The Science Behind Dominoes

Dominoes are flat, thumb-sized blocks that are typically arranged on end to form long lines. When one is tipped over, it causes the next domino to tip and so on until the entire row collapses. Dominoes can be used to play a variety of games, including blocking and scoring ones. They also can be arranged to form 2D shapes and 3D structures such as towers and pyramids. They can even be arranged to create intricate patterns. The name domino is derived from the Latin word for “falling one after another.” The term has been adopted as a metaphor to describe any series of events that start with a small trigger and then cascade into much larger consequences. It is this phenomenon that gave rise to the idiom domino effect, which is now applied to any situation in which one event leads to a sequence of increasingly serious outcomes.

When Hevesh first started creating her intricate domino displays, she was fascinated by the way the pieces moved in a seemingly effortless manner. But she soon realized that there was actually a lot of science involved. “You have to know a lot about the way physics works,” she says. “You need to understand friction, you have to understand gravity, and you have to understand how energy is converted from one source to another.”

Unlike a playing card, a domino has only two faces. Its identity-bearing side has an arrangement of dots or pips, similar to those on a die, while the other face is blank or identically patterned. The total number of pips on a domino is known as its value. Larger sets may use more readable Arabic numerals instead of pips. Each domino is usually twice as long as it is wide. Before a game begins, the dominoes are shuffled and placed so that each player can’t see the other players’ tiles. The resulting collection is known as the boneyard.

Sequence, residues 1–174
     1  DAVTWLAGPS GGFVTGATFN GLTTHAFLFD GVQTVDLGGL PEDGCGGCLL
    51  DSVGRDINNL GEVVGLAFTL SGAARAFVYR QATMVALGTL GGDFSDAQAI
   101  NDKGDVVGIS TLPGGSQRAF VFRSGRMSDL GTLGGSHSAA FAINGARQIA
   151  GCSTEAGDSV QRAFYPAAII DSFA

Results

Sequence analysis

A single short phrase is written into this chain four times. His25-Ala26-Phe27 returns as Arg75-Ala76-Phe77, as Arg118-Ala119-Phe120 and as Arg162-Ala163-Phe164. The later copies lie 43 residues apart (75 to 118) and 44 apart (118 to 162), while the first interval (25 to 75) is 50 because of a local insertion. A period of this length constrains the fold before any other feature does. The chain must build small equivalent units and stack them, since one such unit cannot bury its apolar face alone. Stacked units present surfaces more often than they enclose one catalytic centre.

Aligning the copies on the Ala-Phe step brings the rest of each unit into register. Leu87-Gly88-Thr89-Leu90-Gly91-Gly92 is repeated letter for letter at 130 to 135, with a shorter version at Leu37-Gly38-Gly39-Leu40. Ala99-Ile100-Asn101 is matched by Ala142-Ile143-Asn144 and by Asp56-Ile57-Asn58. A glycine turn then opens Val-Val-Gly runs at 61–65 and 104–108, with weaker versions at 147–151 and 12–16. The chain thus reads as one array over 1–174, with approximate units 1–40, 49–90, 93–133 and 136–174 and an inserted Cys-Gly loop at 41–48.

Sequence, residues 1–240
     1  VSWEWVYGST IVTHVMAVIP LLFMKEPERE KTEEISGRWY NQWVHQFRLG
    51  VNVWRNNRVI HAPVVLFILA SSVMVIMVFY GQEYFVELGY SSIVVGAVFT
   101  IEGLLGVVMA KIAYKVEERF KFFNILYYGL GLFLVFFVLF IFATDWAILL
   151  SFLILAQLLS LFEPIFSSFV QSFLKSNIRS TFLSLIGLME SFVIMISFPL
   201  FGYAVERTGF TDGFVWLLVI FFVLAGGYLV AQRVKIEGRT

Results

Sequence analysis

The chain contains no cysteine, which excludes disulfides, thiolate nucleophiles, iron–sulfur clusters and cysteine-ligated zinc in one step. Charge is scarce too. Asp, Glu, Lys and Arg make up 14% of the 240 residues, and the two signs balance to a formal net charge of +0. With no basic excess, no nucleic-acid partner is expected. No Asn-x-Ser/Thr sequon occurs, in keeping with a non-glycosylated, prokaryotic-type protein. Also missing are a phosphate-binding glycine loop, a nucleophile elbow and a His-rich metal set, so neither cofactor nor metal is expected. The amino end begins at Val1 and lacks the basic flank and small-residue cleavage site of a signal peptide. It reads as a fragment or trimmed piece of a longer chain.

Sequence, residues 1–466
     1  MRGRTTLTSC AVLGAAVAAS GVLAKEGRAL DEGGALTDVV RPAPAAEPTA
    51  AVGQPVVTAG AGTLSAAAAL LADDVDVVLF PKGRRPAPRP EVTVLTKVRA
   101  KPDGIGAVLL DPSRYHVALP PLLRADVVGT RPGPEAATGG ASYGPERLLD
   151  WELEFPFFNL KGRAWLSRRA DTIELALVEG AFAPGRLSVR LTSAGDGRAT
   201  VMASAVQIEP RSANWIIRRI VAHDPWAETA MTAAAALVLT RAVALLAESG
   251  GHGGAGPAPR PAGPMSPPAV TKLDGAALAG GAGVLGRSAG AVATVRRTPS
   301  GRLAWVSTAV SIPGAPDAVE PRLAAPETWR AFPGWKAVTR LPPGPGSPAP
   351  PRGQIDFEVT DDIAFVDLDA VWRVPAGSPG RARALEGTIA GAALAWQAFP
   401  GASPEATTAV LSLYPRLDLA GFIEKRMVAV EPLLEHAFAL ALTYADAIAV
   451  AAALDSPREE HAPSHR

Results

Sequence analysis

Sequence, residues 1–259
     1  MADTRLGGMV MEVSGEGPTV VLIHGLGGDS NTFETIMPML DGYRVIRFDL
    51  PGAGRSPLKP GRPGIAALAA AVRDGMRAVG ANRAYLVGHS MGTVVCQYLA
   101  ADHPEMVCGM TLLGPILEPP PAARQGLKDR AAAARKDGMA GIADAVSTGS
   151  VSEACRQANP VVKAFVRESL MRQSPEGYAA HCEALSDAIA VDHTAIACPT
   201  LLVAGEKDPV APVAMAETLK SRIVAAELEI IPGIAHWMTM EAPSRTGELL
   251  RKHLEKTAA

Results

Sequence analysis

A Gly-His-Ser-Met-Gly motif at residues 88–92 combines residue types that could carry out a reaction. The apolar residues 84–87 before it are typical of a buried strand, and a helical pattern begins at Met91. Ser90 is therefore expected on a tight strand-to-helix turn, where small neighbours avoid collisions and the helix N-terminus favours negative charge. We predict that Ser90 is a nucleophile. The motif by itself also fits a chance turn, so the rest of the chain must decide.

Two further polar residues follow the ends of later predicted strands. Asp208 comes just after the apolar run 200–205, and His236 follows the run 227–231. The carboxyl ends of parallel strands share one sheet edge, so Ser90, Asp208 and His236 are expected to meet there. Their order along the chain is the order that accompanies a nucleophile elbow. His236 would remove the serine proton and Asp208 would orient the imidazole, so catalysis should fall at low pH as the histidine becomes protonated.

After Domino’s had a difficult time in the mid-1990s, its CEO David Brandon knew that something had to change. He refocused the company on its core values, which included championing its customers. This meant listening to their feedback, introducing new training programs, and revamping the company’s college recruiting system. Brandon also encouraged employees to speak openly with management about their concerns. This open line of communication was carried forward by Doyle and his management team when he took over the company.

As a result, Domino’s is now a leader in the fast-food industry and an excellent example of the domino effect in action. The company has a strong culture of customer-centricity, which allows it to make quick changes that impact the entire organization. The company is also making a major investment in new technologies to ensure it can continue to deliver high-quality products and services to its customers for the foreseeable future.

Whether you compose your manuscript off the cuff or adhere to a strict outline, thinking about the domino effect can help you craft a compelling story that holds up under scrutiny. Ultimately, the fate of a story depends on how well you can answer the question, What happens next?